Minnesota Vikings 2022 Fantasy Football Sleepers, Busts

Welcome to our Fantasy Football Breakouts, Busts and Locks, a series on RotoBaller where our editors take a look at three key players from every NFL team. Today we are talking about the Minnesota Vikings.

The star of Vikings fantasy is Justin Jefferson, who we won’t discuss in this article, but only because I decided to turn the “lock” part into a chance to talk fantasy football strategy. Jefferson is awesome. It’s a high-end WR1. Write it down.

Below you will find a fantasy football candidate, a fantasy football candidate and a safe fantasy football pick for the Vikings based on the first ADPs for fantasy football drafts in 2022.

Editor’s note: Our incredible team of writers received five writing awards in total and 13 nominations by the Fantasy Sports Writers Association, the best in the industry! Congratulations to all of the winners and nominees, including Best NFL Series, MLB Series, NBA Writer, PGA Writer, and Player Notes Writer of the Year. Follow their analysis, rankings and tips throughout the year and win big with RotoBaller!
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Is this finally the year Irv Smith Jr. breaks out?

Currently ranked as a mid-level TE2, Smith did not play last season due to a meniscus injury. We last saw him on the field in 2020 when he was targeted 43 times, catching 30 passes for 365 yards and five touchdowns. It was then that he shared his time with Kyle Rudolph.

As 2022 approaches, here are the tight-knit Vikings roster members not named Irv Smith Jr.: Ben Ellefson, Johnny Mundt, Zach Davidson and Nick Muse.

These four players have combined for 18 targets in the NFL.

Based on that, it’s safe to assume the Vikings expect Smith to be the full-time tight end, even if he comes out of injury.

New Vikings head coach Kevin O’Connell was most recently the offensive coordinator for the Rams, who targeted the tight end position 94 times last year, the sixth-fewest number of goals at that position in the league. .

If Smith split that low volume with multiple tight ends, I’d be worried. But based on list building, it isn’t. And when Smith had a full-time workload in the last three weeks of 2020, he had a pair of touchdowns, with numbers that would average a full season at 62 catches for 680 yards and 11 affected by Professional Football Reference. In half-PPR, that’s a fantastic 165 points, which should have made him TE4 overall behind Mark Andrews, Travis Kelce and Dalton Schultz last season. The 9.7 points per game would have been sixth.

Obviously, it’s not as simple as taking a sample of three games and multiplying it. Touchdowns are the biggest thing we’d likely see a drop in this calculation. But Smith has the advantage of finishing in the tight top 10 and is currently drafted as a TE2.

Thielen is currently being drafted as a low-end WR3, which is a good place for him. But if there’s one Vikings player who’s gone down this year, it’s probably Thielen.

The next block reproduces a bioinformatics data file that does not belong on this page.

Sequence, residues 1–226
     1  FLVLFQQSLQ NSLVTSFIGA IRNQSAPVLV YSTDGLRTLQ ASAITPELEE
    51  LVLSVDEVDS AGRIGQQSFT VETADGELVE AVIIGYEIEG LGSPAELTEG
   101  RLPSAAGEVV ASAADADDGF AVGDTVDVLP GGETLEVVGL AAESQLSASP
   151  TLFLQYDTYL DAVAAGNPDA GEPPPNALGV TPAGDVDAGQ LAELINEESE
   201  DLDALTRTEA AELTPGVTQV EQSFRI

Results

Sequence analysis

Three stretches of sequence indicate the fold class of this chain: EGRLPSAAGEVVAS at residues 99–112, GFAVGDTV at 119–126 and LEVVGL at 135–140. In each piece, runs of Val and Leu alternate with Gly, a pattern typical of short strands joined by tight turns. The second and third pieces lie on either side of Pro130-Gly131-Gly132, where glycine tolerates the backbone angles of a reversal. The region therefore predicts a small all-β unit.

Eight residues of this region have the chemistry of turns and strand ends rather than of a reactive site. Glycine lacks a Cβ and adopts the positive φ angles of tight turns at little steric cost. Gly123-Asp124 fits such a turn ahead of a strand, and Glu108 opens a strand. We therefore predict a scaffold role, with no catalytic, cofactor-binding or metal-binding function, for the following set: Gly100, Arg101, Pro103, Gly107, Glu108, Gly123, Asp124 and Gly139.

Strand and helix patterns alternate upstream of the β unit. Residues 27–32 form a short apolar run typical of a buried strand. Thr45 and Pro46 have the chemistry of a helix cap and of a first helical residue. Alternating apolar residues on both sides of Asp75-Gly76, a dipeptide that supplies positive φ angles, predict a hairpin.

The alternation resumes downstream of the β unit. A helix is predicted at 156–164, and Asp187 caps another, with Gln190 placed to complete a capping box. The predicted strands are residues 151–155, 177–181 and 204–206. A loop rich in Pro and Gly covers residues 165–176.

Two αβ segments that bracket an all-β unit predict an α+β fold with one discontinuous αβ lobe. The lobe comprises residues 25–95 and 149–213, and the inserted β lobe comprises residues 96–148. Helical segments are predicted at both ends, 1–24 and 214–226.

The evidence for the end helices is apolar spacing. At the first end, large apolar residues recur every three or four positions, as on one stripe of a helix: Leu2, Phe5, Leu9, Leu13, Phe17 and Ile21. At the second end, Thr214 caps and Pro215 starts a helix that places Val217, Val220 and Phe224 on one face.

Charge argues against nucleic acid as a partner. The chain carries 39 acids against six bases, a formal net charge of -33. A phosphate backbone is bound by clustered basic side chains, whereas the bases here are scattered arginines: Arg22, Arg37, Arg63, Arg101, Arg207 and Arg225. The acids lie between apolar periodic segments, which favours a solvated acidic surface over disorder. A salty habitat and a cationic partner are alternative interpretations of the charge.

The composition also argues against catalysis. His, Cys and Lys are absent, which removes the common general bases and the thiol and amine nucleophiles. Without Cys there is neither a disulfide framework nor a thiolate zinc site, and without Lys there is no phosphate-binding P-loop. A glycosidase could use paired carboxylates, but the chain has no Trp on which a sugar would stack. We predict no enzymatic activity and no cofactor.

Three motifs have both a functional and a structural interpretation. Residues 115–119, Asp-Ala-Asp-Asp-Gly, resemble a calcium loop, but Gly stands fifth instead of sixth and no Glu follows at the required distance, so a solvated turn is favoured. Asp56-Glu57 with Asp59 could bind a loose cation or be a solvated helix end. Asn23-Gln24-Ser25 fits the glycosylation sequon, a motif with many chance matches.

Thielen will be 32 at the start of the season and entering his 10th season with the Vikings. He injured his ankle towards the end of last season.

Thielen has 24 touchdowns over the past two seasons, which is… a lot, especially considering he never had double-digit touchdowns in a season before 2020.

But that high touchdown rate masks the fact that Thielen’s involvement in the Vikings offense has dwindled.

In 2018, Thielen completed his second straight 1,000-yard season and averaged 85.8 yards per game. In 2021, he was at 55.8 yards per game.

His production dropped, but his ability to find the end zone supported his fantastic numbers. Can he bear this? Will health be a problem? There are just a few too many question marks with Thielen this year. If anyone on this squad goes down (not counting any injury issues that could happen randomly across the squad), it’s probably Thielen.

Let’s talk about a fun strategy. The days of needing insurance policies for your RB1 are pretty much over because a) there are fewer guys who have full control of a backfield and b) there are fewer guys who would have control total of a backfield if the guy in front of them gets hurt.

But there’s one scenario where stacking a team’s running backs can be an extremely valuable decision, and that’s with the Minnesota Vikings.

While a new coaching staff could change things in Minnesota, I think running game success is something they should look and decide to keep fairly similar to what they had in the past.

Dalvin Cook never played a full season. It’s a pretty safe bet to assume he misses at least a few games because that always happens. Usually you might not want to sign someone with this kind of injury problem, but Cook has just been too good to ignore it when he’s on the pitch. Since 2019, he has played in 41 games and averaged 93.9 rushing yards and 26.9 receiving yards per game, with 36 total touchdowns during that span. When he’s on the court, Cook is a top-notch RB1.

And when he’s not on the pitch, Alexander Mattison is an essential player.

I switched to RotoViz to use their game filtering app, where you can break down a player’s stats by who played/hasn’t played in a game.

Mattison had gone six games without Cook. In those games, he averaged 20.38 PPR points per game, 20.17 rushing attempts, and 79.5 rushing yards. He’s not quite on Cook’s level, but he’s proven to be a fantastic reliable option whenever Cook isn’t active.

I don’t see any reason to think that’s changing, which is why pairing Cook and Mattison and making sure you get 17 weeks of top-line production from running back is my “safe” choice for the Vikings.

(Also, screen Justin Jefferson.)

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